Born in Detroit, Michigan in 1970, Sean Hickey’s earliest music education began at age 12 with an electric guitar, a Peavey amp, and a stack of Van Halen records, the early ones of course. He studied jazz guitar at Oakland University, later graduating with a degree in composition and theory from Wayne State University. His primary instructors were James Hartway, James Lentini and Leslie Bassett.
Since moving to New York, Sean has pursued further studies with Justin Dello Joio and Gloria Coates. His works include symphonies, concertos for clarinet and cello, two string trios, a string quartet, a flute sonata, a woodwind quintet and trio, several pieces for solo instruments, church as well as orchestral music. He has also composed a film score, and composed the music for a children’s play, the latter of which received over 80 performances. Sean is also active as an arranger, contributing arrangements for various artists and ensembles in the pop and jazz music spheres.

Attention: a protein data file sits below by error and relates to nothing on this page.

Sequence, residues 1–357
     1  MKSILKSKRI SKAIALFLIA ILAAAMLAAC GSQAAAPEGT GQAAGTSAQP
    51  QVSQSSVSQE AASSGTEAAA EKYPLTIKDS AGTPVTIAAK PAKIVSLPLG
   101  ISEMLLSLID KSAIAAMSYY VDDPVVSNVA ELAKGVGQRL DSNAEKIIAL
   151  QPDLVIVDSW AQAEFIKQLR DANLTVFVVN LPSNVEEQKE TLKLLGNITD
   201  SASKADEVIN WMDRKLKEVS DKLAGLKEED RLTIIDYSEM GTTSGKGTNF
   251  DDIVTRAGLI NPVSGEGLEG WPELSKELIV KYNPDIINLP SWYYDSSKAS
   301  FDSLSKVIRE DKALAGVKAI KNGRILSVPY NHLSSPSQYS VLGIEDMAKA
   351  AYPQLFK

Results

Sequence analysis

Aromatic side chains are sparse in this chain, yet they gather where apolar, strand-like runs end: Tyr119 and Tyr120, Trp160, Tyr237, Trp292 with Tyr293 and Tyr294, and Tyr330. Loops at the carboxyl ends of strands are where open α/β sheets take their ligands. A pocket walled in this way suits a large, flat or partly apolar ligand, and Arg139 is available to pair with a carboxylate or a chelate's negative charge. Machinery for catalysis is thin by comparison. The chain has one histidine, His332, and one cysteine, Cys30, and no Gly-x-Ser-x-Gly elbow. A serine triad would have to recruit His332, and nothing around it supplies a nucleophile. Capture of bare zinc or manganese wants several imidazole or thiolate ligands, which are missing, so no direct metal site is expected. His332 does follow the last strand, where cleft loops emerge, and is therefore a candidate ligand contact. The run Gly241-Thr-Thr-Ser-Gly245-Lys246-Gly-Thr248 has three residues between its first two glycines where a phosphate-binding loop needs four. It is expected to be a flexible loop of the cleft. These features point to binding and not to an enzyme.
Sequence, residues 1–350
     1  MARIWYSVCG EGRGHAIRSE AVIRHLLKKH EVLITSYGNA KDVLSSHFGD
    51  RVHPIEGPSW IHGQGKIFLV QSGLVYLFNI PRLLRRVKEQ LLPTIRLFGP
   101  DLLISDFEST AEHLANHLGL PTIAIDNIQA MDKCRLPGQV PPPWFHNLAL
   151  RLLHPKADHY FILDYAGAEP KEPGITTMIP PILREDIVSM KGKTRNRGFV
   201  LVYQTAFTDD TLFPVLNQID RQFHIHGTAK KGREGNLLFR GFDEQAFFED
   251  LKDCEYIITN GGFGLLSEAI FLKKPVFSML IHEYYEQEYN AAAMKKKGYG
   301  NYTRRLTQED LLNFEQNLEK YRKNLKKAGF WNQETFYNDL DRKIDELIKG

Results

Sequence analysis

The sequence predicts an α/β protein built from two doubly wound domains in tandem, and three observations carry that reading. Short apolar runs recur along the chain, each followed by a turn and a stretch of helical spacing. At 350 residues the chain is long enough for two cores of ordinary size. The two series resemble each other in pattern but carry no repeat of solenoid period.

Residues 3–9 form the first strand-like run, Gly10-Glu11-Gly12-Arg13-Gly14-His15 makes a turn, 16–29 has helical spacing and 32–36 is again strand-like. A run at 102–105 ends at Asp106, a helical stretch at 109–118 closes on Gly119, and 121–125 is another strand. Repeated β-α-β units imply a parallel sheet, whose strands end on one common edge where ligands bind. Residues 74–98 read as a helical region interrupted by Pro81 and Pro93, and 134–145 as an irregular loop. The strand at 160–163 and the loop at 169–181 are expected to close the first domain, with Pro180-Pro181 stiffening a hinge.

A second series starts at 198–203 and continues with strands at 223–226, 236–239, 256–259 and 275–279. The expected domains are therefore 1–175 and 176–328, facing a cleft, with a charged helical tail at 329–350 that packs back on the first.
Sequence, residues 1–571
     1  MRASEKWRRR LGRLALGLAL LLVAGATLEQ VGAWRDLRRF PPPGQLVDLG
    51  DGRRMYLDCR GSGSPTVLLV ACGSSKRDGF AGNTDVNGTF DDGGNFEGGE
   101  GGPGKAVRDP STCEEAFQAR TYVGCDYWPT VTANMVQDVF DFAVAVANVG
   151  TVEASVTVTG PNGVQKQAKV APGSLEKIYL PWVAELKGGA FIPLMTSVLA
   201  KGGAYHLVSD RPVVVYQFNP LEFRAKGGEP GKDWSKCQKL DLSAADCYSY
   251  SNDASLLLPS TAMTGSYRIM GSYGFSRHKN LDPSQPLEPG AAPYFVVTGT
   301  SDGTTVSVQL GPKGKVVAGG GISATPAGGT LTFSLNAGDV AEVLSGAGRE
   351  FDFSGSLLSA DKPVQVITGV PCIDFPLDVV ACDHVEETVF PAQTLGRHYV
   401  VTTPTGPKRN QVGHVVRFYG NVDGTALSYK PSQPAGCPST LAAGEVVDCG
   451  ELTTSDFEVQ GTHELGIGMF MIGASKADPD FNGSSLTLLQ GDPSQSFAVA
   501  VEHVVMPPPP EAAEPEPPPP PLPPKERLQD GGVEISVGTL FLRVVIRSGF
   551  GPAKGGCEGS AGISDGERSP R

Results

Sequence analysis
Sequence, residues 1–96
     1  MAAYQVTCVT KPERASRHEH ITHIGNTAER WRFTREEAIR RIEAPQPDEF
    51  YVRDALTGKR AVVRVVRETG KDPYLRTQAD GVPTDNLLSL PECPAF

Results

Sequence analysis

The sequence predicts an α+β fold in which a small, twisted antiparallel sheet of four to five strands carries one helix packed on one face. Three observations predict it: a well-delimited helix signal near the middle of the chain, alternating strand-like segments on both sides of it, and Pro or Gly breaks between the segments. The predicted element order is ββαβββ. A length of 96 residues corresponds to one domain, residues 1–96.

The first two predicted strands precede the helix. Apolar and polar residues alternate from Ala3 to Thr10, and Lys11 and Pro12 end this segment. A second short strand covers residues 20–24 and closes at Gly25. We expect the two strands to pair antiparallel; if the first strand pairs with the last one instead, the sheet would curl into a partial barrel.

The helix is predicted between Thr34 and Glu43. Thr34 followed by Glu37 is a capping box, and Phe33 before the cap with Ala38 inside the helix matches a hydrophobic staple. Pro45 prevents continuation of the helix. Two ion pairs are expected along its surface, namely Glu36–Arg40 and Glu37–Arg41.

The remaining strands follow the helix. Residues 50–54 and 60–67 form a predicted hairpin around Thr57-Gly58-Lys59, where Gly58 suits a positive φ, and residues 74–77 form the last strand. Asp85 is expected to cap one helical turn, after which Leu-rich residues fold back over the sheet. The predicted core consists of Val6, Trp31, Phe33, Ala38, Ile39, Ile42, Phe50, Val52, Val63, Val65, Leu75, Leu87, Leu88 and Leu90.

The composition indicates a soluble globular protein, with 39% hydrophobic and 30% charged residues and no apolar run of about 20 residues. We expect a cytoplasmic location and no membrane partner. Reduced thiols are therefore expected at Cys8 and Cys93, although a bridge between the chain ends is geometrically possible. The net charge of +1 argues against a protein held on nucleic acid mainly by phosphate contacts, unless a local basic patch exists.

2003 was a busy year with performances of his piano music at New York’s Weill Hall in addition to the first concert dedicated entirely to his chamber and solo music, at CAMI Hall. In 2004, Hickey was awarded a grant from the New York Department of Cultural Affairs as well as a Composer Assistance Grant from the American Music Center to mount concerts of his work. He has fulfilled commissions for Lincoln Center for the Performing Arts, the St. Petersburg Symphony, New York’s One World Symphony and North/South Consonance, the Adesso Choral Society in Connecticut, the Spain-based piano/accordion duo An-Tifon, 60x60, and the Gringolts-Weiss-Fiterstein Trio. His disc of chamber and orchestral works for Naxos American Classics, Left at the Fork in the Road, released in November 2005, broke the Billboard Top 100 Classical Chart. It is available wherever records and downloads are sold.